Main menu

ALERT: Employers and employees must work together to minimise the affects of COVID-19 on businesses and the community

These are certainly unprecedented times, employers and employees must work together to manage the risks associated with the coronavirus (‘COVID-19’) in the workplace. Measures to reduce the spread will require co-operation and compliance with Federal and Queensland Government (‘Government’) directives and restrictions. We encourage all employers to regularly review the following websites for updates and more comprehensive information:
Federal Department of Health www.health.gov.au ; and
Queensland Government www.qld.gov.au/health/conditions/health-alerts/coronavirus-covid-19
______________________________________________________________________

By now, we are all aware of what COVID-19 is and the symptoms that people need to be mindful of, so we have chosen not to repeat that information here for you. However, we will remind employers that employees experiencing any flu like symptoms, and in particular symptoms relevant to COVID-19, have a duty of care to notify their employer and not attend work – and it is important that you make this very clear to your employees.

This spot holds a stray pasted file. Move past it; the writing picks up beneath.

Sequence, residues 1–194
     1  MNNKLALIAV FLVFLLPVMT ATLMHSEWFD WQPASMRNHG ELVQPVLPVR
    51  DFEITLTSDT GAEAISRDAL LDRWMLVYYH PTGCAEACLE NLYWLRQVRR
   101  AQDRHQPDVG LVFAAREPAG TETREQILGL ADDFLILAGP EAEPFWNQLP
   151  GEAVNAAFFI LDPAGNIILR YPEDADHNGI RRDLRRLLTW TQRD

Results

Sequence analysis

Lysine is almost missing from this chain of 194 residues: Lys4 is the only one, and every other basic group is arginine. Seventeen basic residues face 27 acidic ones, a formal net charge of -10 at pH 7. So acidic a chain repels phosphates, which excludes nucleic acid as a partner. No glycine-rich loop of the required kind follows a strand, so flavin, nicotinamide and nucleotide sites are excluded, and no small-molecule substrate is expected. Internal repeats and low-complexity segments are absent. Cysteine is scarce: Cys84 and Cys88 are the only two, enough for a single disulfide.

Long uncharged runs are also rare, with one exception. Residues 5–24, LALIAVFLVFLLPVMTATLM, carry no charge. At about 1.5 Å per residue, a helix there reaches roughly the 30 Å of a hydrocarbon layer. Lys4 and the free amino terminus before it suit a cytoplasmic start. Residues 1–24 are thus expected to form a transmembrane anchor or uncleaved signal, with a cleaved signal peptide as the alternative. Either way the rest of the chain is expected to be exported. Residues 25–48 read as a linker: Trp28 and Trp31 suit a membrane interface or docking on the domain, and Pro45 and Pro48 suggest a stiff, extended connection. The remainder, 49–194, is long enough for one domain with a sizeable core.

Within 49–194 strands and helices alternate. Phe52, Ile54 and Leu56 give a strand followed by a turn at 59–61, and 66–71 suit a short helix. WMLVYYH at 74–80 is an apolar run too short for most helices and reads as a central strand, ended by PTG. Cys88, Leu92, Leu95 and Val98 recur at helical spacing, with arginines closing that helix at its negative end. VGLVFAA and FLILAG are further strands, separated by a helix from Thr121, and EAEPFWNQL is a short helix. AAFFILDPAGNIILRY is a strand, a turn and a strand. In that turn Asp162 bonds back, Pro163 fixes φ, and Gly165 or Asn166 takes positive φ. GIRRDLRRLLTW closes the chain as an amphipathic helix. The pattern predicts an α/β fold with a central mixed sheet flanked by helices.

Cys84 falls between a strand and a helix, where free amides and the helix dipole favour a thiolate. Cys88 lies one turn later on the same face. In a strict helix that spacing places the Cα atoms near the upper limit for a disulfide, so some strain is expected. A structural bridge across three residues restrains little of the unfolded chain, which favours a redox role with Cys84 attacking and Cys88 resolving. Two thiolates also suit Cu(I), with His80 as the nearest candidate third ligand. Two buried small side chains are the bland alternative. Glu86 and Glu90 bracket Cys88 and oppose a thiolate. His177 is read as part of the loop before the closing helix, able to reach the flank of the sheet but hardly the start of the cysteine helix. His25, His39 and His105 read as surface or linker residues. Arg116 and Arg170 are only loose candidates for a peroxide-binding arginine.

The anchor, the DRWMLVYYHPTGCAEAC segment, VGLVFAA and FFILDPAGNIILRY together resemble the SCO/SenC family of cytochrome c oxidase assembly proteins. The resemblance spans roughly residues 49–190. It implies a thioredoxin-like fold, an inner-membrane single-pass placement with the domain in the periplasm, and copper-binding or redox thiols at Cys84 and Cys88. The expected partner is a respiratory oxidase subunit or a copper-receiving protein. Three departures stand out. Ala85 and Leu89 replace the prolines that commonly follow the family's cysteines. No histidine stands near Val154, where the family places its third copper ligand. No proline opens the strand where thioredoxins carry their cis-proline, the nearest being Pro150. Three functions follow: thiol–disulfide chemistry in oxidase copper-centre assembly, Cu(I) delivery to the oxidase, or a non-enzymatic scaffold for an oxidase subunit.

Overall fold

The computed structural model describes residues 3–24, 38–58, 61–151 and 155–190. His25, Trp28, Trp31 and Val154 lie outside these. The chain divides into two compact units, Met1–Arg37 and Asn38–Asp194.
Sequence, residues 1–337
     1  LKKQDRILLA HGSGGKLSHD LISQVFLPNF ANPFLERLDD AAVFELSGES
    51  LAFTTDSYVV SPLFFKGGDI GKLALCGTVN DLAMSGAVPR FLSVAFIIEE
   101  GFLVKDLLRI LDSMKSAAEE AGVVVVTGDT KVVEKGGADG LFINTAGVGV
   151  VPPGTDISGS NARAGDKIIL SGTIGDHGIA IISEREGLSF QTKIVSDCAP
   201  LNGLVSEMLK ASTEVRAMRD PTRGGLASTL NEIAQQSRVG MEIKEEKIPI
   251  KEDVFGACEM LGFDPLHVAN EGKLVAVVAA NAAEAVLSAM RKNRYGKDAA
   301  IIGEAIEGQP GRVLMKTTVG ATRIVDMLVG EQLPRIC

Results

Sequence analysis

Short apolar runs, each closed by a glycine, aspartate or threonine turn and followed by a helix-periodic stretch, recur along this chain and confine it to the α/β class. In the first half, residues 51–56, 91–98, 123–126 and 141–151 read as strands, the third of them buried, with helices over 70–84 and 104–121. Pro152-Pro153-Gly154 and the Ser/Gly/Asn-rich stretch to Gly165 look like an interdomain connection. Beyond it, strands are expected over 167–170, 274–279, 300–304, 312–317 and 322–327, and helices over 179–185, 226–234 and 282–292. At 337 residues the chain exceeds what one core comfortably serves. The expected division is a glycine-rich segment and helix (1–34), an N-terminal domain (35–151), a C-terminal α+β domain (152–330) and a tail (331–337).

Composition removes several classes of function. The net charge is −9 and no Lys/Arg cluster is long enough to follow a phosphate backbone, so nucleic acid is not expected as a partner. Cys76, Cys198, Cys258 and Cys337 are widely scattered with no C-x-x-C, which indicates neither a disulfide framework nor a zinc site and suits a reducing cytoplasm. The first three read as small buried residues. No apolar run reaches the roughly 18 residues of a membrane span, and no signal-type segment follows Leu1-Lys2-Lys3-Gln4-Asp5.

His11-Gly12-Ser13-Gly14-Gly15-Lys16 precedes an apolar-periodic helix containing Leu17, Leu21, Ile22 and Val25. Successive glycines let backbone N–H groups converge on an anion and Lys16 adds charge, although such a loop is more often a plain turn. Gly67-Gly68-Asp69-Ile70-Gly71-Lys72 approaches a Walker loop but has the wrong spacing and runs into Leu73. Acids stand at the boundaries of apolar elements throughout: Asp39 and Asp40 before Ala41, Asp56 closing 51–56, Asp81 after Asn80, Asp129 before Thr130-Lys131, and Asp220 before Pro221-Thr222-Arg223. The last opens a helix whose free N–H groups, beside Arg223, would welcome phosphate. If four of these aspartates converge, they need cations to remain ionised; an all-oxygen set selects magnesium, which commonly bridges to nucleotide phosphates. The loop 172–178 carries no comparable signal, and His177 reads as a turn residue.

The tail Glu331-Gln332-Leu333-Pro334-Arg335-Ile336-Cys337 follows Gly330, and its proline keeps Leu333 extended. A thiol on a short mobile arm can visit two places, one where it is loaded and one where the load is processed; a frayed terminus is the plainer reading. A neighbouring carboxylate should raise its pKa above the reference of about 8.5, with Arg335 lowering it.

We have discussed below, what other obligations apply to the workplace in order to provide some clarity in these uncertain times.

Quarantine requirements

An employee must self-isolate for 14 days if they have:

  • COVID-19;
  • been in close contact with a confirmed case of COVID-19;
  • arrived in Australia after midnight on 15 March 2020; or